Some heat in the nose and even more spice with balance achieved by a lively to energetic, creeping up on frenetic palate. Earth crusts play in to the fray as much as the fruit, the posit tug working with one another in equal and opposing directions. The wine lingers on with grace in magical persistence. A pinch of dusty espresso and wishful fennel marks the back end. The reality check to imagine and realize a real Vacqueyras. Great value. Drink 2016-2021.  Tasted December 2015  @VacqueyrasWines  @VINSRHONE  @RhoneWine

Foris Pinot Noir 2012

Foris Pinot Noir 2012, Rogue Valley, Oregon, USA (937128, $24.95, WineAlign)

A deft and reeling charmer, easy to drink and well-priced. Dark red fruit of the black cherry realm occupied by the ripe and fashionable Pinot Noir. That it so successfully woos with that kind of Oregon fruit to this kind of advantage in the absence of available underground salinity and tension is a Rogue Valley win. At 13.9 per cent it creeps comfortably under the hot radar gun and many will enjoy the uncomplicated style. Recommended for those who like it fun and unencumbered. Drink 2015-2017.  Tasted December 2015  @Foriswine  @SouthernORWine  @Oregon_Wine

Caiarossa Pergolaia 2008, IGT Tuscany, Italy (424333, $34.95, WineAlign)

A satisfying and handsomely rustic biodynamic Sangiovese-led IGT blend with lead, graphite, dusty cherry and plenty of hide to leather antiquity. The firm vintage has evolved to this copacetic point, the expatriate meets endemic union no longer obtuse or extreme. This has settled really nicely, thanks to what was and lingers as solid acidity and once grippy tannin. Life from energy persists and though I would imagine there will be some who think it common or non-descript, there can be no denying the solid winemaking and balance struck. The older oak barrels have done their job, even if the fruit was a bit on the riper side of the rows. Drink 2015-2018.  Tasted December 2015  @Caiarossa  @3050imports

Good to go!

Twitter: @mgodello

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Ten prodigal suspects

Donatella Cinelli Colombini Brunello Di Montalcino 2010

Donatella Cinelli Colombini Brunello Di Montalcino 2010

Expensive wine surrounds us all year-long but in the 30 plus days leading up to Christmas the concentration multiplies.  As the shopping days tick down, it seems as though we are inundated by an omnipresent $50-plus crowd. Do these wines have any effect on your life? Do you consider forking out half a yard or two, on yourself or for someone you (sort of) love? Are the jet-setting, usual suspects really worth considering?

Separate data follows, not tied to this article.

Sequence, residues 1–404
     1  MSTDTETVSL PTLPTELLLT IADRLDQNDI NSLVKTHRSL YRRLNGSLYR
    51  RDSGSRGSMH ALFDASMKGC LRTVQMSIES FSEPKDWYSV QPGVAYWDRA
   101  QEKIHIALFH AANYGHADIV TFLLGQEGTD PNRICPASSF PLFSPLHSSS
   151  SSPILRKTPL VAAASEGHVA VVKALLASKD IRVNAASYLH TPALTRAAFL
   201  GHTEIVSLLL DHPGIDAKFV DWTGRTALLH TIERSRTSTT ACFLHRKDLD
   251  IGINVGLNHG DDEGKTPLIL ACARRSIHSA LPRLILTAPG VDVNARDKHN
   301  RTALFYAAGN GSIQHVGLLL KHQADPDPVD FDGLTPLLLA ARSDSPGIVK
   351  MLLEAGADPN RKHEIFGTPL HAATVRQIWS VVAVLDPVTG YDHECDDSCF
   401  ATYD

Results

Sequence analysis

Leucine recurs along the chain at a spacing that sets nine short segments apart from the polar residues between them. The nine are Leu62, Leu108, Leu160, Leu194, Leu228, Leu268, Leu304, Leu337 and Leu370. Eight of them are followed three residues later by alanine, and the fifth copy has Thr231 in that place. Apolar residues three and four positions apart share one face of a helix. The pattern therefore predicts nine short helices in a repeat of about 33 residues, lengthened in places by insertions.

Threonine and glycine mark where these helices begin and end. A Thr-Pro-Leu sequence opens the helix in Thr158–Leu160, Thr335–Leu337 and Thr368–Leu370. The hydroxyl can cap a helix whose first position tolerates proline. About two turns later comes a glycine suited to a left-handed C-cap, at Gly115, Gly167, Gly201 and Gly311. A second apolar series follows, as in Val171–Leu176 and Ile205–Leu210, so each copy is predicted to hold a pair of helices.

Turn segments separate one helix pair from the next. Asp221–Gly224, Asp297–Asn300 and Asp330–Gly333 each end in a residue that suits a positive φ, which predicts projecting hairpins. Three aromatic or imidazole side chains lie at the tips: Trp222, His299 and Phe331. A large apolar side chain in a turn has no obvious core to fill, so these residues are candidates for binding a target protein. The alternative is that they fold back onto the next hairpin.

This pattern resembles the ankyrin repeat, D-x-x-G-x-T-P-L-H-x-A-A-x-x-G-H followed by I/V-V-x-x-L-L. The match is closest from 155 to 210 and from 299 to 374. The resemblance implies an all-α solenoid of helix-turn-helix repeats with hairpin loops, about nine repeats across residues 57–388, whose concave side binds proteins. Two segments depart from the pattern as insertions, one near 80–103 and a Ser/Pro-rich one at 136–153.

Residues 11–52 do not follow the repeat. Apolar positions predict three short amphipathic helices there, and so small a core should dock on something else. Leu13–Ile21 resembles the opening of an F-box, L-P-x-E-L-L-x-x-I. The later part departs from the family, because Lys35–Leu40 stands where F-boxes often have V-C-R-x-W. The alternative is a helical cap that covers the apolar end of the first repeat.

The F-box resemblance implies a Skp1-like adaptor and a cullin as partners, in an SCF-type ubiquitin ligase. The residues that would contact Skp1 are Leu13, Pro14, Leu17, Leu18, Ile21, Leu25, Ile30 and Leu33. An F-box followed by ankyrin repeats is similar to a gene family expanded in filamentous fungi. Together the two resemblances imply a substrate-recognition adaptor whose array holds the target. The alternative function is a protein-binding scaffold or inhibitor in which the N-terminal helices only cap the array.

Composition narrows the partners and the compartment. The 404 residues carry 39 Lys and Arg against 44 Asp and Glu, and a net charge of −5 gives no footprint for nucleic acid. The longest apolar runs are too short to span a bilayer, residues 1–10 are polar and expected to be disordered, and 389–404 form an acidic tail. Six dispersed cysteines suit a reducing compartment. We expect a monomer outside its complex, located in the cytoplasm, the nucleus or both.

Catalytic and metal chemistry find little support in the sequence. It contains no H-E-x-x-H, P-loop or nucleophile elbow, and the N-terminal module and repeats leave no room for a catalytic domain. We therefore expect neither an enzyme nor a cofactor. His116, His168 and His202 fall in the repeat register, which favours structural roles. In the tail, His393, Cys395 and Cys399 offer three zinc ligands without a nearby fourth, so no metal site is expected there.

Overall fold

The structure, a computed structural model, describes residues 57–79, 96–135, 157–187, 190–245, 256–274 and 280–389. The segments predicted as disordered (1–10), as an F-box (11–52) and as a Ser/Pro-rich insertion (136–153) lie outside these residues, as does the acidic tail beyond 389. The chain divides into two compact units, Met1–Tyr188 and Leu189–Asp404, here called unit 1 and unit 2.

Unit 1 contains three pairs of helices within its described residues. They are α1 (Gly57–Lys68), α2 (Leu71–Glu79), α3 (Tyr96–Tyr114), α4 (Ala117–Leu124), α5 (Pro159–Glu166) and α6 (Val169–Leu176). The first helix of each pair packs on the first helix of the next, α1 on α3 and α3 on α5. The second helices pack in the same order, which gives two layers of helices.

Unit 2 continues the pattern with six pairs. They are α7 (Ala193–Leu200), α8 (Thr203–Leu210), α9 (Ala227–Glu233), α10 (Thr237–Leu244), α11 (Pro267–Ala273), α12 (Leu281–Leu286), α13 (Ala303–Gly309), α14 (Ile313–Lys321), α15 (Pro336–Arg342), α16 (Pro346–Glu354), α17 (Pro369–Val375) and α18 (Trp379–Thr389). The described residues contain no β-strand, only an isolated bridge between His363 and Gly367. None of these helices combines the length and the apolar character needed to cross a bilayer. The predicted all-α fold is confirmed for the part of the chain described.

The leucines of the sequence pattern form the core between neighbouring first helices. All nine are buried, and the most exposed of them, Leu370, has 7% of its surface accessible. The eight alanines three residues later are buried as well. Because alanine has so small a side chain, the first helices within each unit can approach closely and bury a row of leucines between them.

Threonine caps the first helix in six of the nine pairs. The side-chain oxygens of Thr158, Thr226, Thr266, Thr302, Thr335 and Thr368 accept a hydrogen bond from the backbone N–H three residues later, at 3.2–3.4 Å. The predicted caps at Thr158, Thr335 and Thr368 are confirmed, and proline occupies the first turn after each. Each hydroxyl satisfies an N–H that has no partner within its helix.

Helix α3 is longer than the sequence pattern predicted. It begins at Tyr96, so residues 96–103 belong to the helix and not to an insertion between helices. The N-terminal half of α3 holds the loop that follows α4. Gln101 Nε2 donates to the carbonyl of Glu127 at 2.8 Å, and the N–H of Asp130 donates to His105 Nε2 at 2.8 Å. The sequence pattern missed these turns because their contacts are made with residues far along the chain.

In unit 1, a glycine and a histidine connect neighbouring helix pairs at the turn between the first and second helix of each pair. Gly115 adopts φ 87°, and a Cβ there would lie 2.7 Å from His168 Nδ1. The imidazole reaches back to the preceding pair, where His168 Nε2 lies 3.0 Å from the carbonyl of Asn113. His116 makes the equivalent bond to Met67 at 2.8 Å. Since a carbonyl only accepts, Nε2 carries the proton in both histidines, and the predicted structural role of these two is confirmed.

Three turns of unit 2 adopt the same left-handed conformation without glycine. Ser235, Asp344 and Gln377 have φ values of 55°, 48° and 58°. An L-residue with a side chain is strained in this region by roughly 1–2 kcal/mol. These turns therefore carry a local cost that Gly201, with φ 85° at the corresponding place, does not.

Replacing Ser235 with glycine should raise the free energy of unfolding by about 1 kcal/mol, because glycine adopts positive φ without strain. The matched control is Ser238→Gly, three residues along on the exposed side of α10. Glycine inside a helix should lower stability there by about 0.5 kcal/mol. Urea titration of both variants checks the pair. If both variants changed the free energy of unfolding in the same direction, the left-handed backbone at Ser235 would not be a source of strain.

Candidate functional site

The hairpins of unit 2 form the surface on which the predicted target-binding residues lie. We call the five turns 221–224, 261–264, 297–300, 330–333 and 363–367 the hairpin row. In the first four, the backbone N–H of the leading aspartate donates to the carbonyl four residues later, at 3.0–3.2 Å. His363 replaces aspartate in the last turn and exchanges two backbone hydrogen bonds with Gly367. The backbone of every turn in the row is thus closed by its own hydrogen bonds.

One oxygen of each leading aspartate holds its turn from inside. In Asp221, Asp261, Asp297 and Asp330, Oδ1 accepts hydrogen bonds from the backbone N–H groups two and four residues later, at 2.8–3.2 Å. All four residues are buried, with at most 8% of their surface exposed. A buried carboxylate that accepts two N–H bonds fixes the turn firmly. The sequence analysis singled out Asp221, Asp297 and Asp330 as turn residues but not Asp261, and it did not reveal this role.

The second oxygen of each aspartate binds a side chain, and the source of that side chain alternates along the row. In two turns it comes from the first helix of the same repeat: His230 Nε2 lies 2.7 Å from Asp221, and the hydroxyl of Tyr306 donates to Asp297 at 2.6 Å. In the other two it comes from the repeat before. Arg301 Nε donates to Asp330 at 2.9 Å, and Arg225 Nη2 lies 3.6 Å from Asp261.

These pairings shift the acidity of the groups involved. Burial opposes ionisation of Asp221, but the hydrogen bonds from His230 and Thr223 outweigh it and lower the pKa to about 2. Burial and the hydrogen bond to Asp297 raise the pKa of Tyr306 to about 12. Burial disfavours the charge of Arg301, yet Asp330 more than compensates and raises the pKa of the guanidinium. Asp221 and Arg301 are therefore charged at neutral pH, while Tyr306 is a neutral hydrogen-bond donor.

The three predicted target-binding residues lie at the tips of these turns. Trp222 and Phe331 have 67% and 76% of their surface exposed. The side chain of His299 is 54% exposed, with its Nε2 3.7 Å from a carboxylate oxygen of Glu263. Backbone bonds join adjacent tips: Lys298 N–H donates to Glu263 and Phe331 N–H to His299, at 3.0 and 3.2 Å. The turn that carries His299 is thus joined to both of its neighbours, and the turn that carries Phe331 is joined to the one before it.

In certain cases the answer is yes, but just because some wines are expensive, for a complex variety of reasons, does not make them either good or bad in a decidedly black or white sense. Many outrageously expensive wines are simply awesome bottles of fermented grapes while others are nothing special. High prices can be a reflection of designer labelling and marketing, while others are the summation of genius created by greatness and art. Sometimes it’s just a matter of economics.

I’m going to borrow a hypothesis from my WineAlign colleague John Szabo to illustrate the point. You go to a juice bar. The smoothie or vegan fruit and grass concoction cost not much more than a few dimes to produce. The expertise required came as a result of a half hour’s worth of learning and training. The machine costs a few hundred bucks. And you paid $8.95 for the beverage.

Wine grapes grow on vines that might be as old as 100 years, tended by a farmer far away who was paid a dollar or two for a kilo of his fruit. The vigneron spent perhaps the first 30 days slaving over the initial maceration and fermentation of that fruit and followed that up with at least a year (and in some cases five) to nurture the wine into becoming something special. The bottle and the cork cost another dollar or two and the shipping charges add at least another two again. Then there were the middle men involved; negociants, wholesalers, distributors, agents, retailers and monopolies. That wine might sell for anywhere from $9 to $20 in the Canadian market. And you don’t want to pay $20 for a decent bottle of wine?

Now imagine the fruit coming from some of the most expensive real estate on the planet and processed by the best equipment that money can buy for making wine. Then it is handled by experts in the transportation, selling and marketing fields. You can see how $20 quickly becomes $50 and so on. Don’t misunderstand me. Many wines are ridiculously overpriced. Many are the by-products of marketing juggernauts. It is important to understand, however, that many high-priced wines are deserving of their tags. The margins are not as inflated as you might want to believe.